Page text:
Month: February 2018
Liverpool City Region are proposing the introduction of a tourism levy, a proposal which like other before it presents a further opportunity to try and break the mould when it comes to funding destination management and support for the tourism, leisure and cultural industries.
The city could be a “test bed for the rest of the country”, Liverpool City Region metro mayor Steve Rotheram said as the findings of a report is launched that recommends that the City Region should seek to pilot a hotel bed tax to support culture and tourism; a move that will of course require active Government support and quite possibly Primary Legislation if it is to go ahead.
The Liverpool proposal are the latest in an increasingly long list of City, City Region based tourism tax/ tourism levy proposals. Like those that have gone before it, it has been quickly condemned by BHA (British Hospitality Association) or UKHospitality as it has been known since the completion last week of its amalgamation with ALMR (Association of Licensed Multiple Retailers).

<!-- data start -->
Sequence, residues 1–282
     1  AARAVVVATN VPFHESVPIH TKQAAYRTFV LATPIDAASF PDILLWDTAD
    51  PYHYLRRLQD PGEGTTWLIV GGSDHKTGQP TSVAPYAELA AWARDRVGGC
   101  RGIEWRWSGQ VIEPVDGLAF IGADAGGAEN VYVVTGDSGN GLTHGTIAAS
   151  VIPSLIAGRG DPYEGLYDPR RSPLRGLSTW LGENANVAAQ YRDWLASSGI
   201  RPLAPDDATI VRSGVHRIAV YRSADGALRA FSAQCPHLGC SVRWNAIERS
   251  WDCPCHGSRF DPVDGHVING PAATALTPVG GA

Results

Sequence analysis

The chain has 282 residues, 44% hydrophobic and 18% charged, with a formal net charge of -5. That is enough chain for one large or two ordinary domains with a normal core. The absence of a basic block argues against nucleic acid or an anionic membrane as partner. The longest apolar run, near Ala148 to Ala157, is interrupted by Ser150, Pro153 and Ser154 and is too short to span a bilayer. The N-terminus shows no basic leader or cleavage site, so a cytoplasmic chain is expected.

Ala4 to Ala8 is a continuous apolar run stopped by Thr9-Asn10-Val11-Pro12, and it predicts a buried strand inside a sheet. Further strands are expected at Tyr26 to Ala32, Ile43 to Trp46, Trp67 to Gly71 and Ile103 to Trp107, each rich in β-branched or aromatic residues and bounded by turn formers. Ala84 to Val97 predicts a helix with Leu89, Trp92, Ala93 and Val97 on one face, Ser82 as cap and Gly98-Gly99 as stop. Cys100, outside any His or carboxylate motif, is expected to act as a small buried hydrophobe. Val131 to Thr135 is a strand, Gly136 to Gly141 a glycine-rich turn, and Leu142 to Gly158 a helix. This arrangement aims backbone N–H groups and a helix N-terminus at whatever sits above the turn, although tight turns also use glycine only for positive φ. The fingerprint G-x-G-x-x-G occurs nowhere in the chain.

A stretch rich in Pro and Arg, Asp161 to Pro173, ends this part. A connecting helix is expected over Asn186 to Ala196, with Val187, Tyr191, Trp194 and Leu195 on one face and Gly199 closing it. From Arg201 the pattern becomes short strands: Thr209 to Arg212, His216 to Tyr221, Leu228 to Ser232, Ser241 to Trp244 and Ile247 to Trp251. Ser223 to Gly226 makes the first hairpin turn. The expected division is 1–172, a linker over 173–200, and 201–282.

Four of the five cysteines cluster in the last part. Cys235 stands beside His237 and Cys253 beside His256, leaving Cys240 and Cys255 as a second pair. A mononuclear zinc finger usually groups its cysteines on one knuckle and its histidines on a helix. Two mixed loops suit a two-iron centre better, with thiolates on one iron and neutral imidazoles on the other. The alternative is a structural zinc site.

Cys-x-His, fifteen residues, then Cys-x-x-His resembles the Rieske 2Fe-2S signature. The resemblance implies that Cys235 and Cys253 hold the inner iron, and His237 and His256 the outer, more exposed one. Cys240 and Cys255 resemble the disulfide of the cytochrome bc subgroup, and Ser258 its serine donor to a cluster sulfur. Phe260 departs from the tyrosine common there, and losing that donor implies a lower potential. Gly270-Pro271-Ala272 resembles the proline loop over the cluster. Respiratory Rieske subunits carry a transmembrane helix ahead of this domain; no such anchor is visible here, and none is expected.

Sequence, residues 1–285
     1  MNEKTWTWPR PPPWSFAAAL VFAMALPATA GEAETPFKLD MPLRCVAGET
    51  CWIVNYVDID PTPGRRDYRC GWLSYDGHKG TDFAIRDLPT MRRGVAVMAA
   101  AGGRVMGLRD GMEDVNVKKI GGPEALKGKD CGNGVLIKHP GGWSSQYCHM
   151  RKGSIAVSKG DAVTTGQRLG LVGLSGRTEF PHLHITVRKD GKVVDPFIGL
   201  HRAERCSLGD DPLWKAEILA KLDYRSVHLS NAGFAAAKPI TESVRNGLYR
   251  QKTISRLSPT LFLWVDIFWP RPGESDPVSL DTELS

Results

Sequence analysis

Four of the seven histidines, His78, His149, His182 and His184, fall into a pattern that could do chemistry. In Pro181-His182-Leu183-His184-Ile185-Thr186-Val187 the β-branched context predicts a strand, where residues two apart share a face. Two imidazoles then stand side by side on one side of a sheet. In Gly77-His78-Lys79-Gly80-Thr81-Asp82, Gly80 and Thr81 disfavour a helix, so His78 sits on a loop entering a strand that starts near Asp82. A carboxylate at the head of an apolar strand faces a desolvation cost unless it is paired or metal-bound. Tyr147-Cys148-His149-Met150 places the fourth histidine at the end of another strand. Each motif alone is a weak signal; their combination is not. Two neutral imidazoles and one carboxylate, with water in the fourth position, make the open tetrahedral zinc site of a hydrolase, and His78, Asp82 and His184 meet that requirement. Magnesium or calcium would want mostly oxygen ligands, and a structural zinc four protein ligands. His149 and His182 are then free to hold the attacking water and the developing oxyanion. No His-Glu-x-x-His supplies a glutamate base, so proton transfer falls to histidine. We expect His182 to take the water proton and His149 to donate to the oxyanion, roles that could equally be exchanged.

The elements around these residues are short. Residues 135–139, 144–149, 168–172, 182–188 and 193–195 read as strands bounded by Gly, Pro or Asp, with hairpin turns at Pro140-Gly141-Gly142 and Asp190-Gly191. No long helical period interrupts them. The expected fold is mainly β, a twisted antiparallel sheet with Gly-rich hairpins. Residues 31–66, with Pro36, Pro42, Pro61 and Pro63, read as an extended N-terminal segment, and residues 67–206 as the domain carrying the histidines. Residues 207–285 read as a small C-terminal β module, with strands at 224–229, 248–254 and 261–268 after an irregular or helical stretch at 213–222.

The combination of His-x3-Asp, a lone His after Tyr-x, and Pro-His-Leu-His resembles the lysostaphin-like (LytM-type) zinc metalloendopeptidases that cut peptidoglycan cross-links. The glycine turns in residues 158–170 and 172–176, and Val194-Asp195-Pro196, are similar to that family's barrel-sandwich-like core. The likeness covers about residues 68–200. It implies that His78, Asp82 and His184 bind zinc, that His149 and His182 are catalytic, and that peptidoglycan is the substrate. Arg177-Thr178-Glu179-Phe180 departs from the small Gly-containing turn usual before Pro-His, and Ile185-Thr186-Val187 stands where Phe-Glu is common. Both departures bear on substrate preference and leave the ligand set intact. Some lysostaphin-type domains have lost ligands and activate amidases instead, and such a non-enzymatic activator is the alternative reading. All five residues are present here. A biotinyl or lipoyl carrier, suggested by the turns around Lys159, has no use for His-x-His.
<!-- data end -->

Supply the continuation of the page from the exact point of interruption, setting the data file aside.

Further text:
Based in Southport, part of the Liverpool City Region I have been aware of the report and its emerging recommendations but have been unable to share news of this development sooner, due in part to the obvious sensitive nature of anything to do with “tax” or additional charges. Although UKHospitality have immediately fallen back on the established national BHA stance which might be summarised as “never on our watch”, it is interesting to note that the Liverpool report has had to gained a significant degree of local hospitality industry support in order to progress, as indeed we believe have many of other proposed schemes in recent years.
I am speculating but perhaps this illustrates the divergence between the maintenance of core principles at a national level and the more pragmatic local position? That local position seems to me to be that in current financial and organisational circumstances, perhaps radical change is now justified to ensure that destination management, development and marketing can continue at the level required to ensure success in, what is after all, a highly competitive domestic, let alone global tourism, leisure and cultural market.